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Yosemite Falls

The Moon is Waning Gibbous (63% of Full)


2012 Yosemite Trip, Part 4 (days 6-8); Tuolumne Meadows, Glen Aulin, Cold Canyon, Miller Lake, Matterhorn Canyon, Burro Pass

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2012 Yosemite trip; Part 1, Rockslides to Cascade Creek

Yosemite 2012 trip. Day 2: Cascade Creek to Yosemite Falls

2012 Yosemite Trip, Part 3 (days 3-5): YOsemite FAlls to Olmsted Point and May Lake

2012 Yosemite Trip, Part 4 (days 6-8); Tuolumne Meadows, Glen Aulin, Cold Canyon, Miller Lake, Matterhorn Canyon, Burro Pass

2012 Yosemite Trip, Part 5 (days 9 and 10): Slide Canyon; Mule Pass; Crown, Robinson, Peeler Lakes; Kerrick Canyon, Peeler Lake, Rodgers Lake

2012 Yosemite Trip, Part 6 (days 11-13): Rodgers Lake, Rodgers Meadow, Pate Valley Grand Canyon of the Tuolumne, Waterwheel Falls, Le Conte Falls, Tuolumne Meadows

Aerial pics from plane of Northern Yosemite

Day 6: Tuolumne Meadows to Cold Canyon; Cold Canyon to Miller Lake, Miller Lake to Slide Canyon

We hit the trail in TM towards Glen Aulin with our ultimate destination for the day being a meadow in Cold Canyon near Elbow Hill. I'm not sure exactly where we stopped (haven't explored the GPS tracks yet), but it was definitely near this spot. We had never been north of Tioga Road before in the park and so this promised new and completely unexplored territory for us. Looking back across Tuolumne Meadows was itself beautiful.

We came to the bridge across the Tuolumne just before the beginning of the cascades (?) / Falls of Tuolumne Falls. I'm not sure if the entire series of Falls / cascades from here to Glen Aulin are considered Tuolumne Falls or just some particular section of them.

Upstream of the Bridge, the river is quiet.

Downstream it begins a descent out of TM on a journey towards the Grand Canyon of the Tuolumne.

Additional views up and downstream from further down.

We arrive at a point just upstream from Glen Aulin which provides a great view both upstream of the falls and downstream of the final falls before Glen Aulin. The fun plunge of the river through this area made the hike very enjoyable and longer than perhaps it should have been as we stopped a lot to hang out and take it in. Of course, that is exactly what we should have been doing. As will be the case throughout the journey along the Tuolumne on this trip, I can never help but wonder what it would be like when the water level is at "normal" levels. It must be truly spectacular!

I have no idea what the little building is at the top of the final falls. It's a rather curious placement of a building. There were some kids up in that region sliding, it seemed, in the water, but I couldn't quite see from where I was standing the details of the area at the top of the falls they were "sliding" in. From where I stood, it seemed a little crazy.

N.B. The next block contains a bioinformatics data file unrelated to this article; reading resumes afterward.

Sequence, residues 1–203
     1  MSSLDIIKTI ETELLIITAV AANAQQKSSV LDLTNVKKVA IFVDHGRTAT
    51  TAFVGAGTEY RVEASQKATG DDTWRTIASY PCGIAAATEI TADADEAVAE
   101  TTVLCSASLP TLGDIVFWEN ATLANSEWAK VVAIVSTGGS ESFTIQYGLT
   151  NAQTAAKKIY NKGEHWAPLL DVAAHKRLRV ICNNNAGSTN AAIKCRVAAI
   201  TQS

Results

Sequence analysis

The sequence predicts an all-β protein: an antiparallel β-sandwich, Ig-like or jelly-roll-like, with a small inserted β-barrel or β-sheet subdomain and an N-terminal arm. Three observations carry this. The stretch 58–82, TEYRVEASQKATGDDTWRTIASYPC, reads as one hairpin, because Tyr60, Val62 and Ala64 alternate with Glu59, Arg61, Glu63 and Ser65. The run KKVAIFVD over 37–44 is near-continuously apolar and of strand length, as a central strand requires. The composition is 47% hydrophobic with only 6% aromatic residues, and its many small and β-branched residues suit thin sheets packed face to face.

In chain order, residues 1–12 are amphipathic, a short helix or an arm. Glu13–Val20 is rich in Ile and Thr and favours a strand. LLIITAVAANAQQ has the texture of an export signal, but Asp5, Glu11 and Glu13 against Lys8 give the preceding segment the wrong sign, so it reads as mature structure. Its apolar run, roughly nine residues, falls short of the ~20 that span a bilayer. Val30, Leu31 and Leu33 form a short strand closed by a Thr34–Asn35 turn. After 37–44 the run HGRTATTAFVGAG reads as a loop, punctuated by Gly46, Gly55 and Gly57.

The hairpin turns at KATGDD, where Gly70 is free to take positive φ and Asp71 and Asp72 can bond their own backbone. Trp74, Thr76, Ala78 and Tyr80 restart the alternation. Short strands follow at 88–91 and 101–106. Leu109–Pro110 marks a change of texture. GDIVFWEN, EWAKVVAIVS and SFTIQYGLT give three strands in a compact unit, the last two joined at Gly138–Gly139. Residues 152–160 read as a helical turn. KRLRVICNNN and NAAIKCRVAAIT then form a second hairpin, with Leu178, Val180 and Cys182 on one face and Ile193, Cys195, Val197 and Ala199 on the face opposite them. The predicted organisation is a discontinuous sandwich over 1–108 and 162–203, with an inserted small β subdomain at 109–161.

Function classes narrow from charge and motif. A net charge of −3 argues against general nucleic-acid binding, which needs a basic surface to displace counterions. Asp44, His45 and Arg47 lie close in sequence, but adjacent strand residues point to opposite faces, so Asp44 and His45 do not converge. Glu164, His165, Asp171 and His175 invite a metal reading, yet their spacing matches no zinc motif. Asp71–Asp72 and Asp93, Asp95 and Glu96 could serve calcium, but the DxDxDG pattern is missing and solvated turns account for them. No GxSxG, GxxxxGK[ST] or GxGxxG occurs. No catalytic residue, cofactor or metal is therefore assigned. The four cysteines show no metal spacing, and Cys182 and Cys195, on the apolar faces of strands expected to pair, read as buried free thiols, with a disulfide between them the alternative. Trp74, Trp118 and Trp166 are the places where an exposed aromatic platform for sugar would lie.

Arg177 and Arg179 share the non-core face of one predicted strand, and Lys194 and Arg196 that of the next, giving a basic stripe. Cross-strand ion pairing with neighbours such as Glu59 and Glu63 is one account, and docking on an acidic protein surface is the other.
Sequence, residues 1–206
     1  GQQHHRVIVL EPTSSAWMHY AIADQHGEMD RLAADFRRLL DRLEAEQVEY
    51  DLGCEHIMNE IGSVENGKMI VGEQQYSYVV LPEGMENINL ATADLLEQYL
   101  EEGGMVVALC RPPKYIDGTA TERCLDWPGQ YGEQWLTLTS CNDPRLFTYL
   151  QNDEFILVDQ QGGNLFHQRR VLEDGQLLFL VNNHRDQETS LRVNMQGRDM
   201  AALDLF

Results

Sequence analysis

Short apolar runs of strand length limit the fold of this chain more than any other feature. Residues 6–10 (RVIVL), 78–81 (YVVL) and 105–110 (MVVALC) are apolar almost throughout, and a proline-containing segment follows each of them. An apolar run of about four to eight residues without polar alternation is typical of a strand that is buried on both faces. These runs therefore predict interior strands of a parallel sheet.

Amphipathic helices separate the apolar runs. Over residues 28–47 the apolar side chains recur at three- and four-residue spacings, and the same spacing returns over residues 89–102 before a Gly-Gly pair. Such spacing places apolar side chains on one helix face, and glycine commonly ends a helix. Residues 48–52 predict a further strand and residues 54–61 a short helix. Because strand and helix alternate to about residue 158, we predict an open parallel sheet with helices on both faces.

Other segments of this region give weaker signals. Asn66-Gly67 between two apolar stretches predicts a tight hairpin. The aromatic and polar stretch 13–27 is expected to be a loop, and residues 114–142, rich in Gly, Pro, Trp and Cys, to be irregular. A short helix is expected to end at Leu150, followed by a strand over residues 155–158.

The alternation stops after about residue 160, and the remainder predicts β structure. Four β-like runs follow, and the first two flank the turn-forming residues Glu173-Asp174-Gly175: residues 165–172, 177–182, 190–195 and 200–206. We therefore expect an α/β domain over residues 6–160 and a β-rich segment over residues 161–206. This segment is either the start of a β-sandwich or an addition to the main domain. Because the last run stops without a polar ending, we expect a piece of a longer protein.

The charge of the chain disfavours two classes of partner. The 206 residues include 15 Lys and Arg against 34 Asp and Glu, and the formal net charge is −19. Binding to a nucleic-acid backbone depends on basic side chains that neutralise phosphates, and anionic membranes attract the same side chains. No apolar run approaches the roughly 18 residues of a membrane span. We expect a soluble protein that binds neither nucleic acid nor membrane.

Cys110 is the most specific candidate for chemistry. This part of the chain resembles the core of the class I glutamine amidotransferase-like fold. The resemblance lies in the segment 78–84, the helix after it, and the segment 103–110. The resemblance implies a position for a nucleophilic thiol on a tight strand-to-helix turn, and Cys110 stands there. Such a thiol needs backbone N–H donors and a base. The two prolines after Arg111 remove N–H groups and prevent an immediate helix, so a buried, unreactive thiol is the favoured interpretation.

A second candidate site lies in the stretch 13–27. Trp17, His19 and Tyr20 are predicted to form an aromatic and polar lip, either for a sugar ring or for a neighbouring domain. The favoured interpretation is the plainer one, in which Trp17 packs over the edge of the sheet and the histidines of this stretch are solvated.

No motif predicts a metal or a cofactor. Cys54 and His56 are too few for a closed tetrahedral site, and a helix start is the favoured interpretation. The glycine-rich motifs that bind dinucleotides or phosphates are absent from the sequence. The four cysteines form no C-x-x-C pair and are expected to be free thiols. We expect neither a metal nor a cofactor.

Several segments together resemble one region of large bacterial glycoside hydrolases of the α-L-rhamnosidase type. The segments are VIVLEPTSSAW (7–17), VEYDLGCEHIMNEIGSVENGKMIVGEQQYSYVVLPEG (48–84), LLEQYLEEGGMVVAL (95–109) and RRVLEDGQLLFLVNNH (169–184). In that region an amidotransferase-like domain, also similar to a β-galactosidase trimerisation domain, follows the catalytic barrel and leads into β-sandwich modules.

The previous night in TM backpackers campground the campsite adjacent to ours was taken by a large group of boy scouts. One minute they were not there, and the next minute ( it seemed) it was tent city. They and their leaders provided entertainment for us until we departed the next day. The age of the boy scouts in this group was very wide. The dynamics of the whole thing was fascinating. The personalities of the leaders were also quite varied and observing the way they interacted with each other was also fascinating. I suppose it is required with such a group, but the level of regiment, scheduling, etc was intense. When they announced the previous evening that "blister clinic" would be at 7 AM at "that rock over there", I knew it was going to be interesting. In any case, they left TM before us heading, it turns out, in the same direction initially. So, it was funny when we arrived at this point on the Falls and saw all the people and realized, "That's our boy scouts!". They were everywhere having a great time! I can only imagine that these trips for them are life changing.

Boy scouts in blue shirts;

After resting a bit, eating, and filling up on water at Glen Aulin, we departed headed towards Cold Canyon. We asked the folks working there about the water levels in cold canyon and they really had no idea, so we filled up. It's a good thing we did. There was no water flowing in the creek at all. The only water was in isolated stagnant pools, which we decided to avoid. Our next water would be at Return Creek. The hike out of Glen Aulin was wooded for quite some time, and then it magically opened up into this great meadow. I love meadows. There is something magical and serene about them. In this case, we knew that we were close to where we would camp, and it was a good thing as light was growing dim.

That night, we thought to ourselves, "I know why they call it Cold Canyon". It was REALLY cold. The next morning when I poked my head out, I was frankly astonished: frost covered everything including my tent.

It was a beautiful morning in the Canyon: